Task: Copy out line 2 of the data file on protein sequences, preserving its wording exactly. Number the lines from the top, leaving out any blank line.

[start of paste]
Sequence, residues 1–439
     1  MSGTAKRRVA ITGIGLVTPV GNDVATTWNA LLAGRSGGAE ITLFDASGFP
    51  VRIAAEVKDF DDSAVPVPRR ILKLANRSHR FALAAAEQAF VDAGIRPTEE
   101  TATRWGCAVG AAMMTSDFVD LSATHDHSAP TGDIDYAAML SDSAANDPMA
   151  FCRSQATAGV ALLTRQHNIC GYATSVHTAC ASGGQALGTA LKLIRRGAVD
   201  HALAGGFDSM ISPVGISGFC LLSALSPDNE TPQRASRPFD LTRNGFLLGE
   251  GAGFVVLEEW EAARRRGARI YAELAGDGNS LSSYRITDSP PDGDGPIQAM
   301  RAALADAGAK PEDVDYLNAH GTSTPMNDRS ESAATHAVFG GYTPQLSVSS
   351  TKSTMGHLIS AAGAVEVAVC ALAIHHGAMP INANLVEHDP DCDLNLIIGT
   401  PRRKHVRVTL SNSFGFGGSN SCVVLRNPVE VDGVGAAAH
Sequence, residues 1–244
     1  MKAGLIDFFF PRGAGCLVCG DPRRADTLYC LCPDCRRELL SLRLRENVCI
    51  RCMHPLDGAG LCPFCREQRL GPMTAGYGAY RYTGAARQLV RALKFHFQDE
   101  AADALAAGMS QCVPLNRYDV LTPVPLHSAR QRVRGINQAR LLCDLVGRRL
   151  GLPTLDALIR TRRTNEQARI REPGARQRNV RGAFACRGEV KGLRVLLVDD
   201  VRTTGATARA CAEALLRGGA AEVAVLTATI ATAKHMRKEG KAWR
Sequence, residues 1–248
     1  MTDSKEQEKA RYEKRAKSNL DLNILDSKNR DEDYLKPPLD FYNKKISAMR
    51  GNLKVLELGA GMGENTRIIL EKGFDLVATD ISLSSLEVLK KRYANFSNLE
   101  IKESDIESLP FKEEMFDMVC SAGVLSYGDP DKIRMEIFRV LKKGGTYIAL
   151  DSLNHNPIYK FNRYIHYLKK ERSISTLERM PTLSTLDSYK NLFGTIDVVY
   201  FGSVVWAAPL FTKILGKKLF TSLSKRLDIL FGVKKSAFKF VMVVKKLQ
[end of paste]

     1  MSGTAKRRVA ITGIGLVTPV GNDVATTWNA LLAGRSGGAE ITLFDASGFP